Background: Today, free form parts are made in small production volume with time consuming methods and a significant amount of material waste. These methods include CNC machining and the layered rapid prototyping techniques SLA, SLS, FDM, 3D print etc., which are well suited for smaller parts that are rich in detail. Variable geometry moulds (VGM) offer a different approach to small production volume. A die or mould can change shape between the castings, and parts with different geometry can be made in the same mould. VGM is used in a multitude of applications such as sheet metal forming of parts for aircrafts, trains and cranial prostheses. The present project focuses on VGM for free form concrete facade elements, which in contrast to previous VGM projects uses a liquid raw material and involves the use of only a small amount of force. Method of Approach: The present VGM process is based on the so-called reconfigurable pin-type tooling principle (RPT). The geometric possibilities have been examined using a proof-of-concept RPT test mould. Sixty closely packed adjustable pin-elements with hemispherical tops and a square section of 43.3 x 43.3 mm create a dimpled surface that is evened out using an elastic interpolating layer. Castings with concrete and plaster are made on an elastic membrane that is sucked towards the pins using a vacuum. The shape of the cast elements and the mould surface have been measured and compared. Results: The RPT test mould can produce a large variety of free-form geometric shapes. It is possible to make straight vertical surfaces and even horizontal surfaces with dimples of only 0.3 mm. Part details can be made down to the size of a pin with hole depths up to 65 mm and protrusions up to 19 mm. Repeatability is better than the measurement uncertainty. Conclusions: VGMs using the RPT principle can be used for making scale models of a range of free-form cast concrete façade elements. It is possible almost to remove the imprints from the pins by using the right interpolators, but the dimples could also be a visually attractive characteristic of the process that could be valued by architects. Large hole depths and smaller protrusions are possible.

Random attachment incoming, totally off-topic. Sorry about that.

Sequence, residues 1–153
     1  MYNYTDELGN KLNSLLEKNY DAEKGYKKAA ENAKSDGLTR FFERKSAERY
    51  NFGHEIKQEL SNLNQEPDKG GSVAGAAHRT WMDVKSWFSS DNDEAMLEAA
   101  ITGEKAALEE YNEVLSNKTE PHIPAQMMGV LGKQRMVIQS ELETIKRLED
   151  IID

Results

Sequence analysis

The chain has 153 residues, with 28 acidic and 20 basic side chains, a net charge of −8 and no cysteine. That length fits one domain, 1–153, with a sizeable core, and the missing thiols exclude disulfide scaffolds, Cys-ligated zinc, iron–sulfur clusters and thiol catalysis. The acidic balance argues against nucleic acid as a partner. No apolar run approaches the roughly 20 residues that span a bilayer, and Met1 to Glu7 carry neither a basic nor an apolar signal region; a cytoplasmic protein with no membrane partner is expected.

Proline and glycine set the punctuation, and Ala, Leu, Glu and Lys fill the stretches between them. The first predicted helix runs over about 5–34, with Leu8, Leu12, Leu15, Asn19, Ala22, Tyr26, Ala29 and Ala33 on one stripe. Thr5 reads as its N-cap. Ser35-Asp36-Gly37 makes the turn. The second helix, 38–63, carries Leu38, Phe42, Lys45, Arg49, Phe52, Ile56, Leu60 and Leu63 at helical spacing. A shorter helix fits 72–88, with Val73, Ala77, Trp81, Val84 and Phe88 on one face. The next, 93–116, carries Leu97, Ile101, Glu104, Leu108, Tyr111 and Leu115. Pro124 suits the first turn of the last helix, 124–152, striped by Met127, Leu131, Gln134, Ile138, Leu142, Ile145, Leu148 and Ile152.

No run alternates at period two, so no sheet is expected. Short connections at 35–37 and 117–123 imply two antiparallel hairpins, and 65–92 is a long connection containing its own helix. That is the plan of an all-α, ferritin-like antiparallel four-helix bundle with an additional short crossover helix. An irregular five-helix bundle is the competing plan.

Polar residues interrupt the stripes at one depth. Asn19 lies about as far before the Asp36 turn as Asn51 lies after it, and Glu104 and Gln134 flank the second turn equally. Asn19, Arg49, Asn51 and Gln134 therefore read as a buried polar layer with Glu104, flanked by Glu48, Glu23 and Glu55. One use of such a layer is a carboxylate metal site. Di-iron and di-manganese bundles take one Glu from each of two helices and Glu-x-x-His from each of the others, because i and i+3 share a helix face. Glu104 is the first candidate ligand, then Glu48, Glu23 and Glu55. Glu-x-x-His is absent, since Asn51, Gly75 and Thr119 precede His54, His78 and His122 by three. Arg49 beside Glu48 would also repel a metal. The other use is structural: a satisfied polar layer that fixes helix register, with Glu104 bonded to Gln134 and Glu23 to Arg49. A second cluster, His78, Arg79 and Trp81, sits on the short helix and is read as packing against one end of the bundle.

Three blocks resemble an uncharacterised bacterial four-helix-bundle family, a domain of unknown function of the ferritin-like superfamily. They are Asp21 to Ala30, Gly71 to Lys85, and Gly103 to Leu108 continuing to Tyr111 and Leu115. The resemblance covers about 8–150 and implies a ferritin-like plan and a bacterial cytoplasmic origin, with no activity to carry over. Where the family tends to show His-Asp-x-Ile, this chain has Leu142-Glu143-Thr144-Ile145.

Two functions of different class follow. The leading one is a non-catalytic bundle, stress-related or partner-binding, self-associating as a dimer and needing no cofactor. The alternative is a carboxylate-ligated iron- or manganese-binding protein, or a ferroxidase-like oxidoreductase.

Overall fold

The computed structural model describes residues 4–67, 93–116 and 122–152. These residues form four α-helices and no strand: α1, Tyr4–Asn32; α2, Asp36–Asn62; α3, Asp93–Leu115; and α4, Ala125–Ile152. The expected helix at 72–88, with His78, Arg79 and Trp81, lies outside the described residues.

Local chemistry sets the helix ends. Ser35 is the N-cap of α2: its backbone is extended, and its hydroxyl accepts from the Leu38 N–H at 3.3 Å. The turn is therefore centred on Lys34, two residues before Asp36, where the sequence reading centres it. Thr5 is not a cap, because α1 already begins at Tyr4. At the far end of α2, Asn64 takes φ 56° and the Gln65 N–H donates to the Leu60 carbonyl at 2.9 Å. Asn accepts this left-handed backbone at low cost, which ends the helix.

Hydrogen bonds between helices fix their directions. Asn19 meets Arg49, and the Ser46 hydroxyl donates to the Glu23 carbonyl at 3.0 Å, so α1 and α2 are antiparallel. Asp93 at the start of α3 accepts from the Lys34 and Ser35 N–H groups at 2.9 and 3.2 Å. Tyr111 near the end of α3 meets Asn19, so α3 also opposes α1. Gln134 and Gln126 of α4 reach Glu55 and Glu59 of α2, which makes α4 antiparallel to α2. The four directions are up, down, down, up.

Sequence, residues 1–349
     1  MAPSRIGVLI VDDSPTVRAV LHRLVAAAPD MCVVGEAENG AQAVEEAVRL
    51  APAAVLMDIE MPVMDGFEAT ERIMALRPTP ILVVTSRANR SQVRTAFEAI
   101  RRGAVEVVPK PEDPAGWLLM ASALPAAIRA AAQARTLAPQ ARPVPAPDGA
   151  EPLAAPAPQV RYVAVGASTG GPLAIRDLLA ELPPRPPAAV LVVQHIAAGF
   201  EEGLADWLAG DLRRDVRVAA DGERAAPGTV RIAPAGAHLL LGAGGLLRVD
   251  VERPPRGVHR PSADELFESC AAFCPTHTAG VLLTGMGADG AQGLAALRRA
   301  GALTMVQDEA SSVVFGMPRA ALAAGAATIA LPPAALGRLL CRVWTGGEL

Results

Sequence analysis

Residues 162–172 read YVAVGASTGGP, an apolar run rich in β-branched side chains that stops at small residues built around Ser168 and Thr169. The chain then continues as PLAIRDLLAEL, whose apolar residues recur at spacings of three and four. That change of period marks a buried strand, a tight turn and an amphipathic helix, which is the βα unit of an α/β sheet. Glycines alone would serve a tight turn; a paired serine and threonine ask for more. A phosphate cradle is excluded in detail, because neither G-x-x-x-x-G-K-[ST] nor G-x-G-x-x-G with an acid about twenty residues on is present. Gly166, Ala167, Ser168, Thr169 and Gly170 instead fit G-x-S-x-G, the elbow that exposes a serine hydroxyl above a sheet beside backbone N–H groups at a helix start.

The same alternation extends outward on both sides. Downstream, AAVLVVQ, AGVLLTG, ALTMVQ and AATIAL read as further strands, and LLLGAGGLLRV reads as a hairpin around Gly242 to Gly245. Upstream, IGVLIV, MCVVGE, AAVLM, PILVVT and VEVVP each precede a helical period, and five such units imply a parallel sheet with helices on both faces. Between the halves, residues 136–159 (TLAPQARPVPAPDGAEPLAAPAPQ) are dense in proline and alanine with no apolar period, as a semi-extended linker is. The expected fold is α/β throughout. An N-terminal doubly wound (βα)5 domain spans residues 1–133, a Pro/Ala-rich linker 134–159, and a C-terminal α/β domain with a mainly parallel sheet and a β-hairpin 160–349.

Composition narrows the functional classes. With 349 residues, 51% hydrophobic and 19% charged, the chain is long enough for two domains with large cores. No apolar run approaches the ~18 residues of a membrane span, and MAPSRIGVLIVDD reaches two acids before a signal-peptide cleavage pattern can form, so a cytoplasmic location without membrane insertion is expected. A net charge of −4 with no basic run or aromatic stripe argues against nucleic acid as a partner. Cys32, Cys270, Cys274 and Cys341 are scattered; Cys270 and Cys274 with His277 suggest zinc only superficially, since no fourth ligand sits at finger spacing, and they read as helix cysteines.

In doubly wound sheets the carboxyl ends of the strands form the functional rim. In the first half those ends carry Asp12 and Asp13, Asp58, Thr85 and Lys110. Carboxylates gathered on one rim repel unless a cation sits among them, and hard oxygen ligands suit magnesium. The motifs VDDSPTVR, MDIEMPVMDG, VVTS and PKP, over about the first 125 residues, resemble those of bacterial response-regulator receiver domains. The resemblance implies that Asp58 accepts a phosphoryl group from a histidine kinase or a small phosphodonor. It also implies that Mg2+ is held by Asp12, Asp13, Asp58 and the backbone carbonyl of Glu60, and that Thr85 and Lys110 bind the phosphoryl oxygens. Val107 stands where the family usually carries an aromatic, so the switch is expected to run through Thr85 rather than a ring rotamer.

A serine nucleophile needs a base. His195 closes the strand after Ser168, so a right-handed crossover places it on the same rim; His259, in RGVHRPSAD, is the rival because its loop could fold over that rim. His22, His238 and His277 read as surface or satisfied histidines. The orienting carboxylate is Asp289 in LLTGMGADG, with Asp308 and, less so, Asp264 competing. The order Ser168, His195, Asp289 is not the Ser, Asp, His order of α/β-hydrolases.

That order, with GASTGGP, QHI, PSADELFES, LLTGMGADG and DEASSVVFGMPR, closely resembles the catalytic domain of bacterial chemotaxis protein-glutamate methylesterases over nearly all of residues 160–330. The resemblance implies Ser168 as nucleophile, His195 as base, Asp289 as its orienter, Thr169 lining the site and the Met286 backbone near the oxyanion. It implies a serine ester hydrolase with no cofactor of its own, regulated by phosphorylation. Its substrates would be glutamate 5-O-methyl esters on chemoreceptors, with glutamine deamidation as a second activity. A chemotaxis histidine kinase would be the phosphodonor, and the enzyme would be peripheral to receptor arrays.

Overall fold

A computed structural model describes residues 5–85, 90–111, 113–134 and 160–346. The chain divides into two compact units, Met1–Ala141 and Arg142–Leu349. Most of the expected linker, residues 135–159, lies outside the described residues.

- architectural facade elements
- free-form concrete surfaces
- fiber reinforced shotcrete
- Variable geometry mould (VGM)
- Reconfigurable pin-type tooling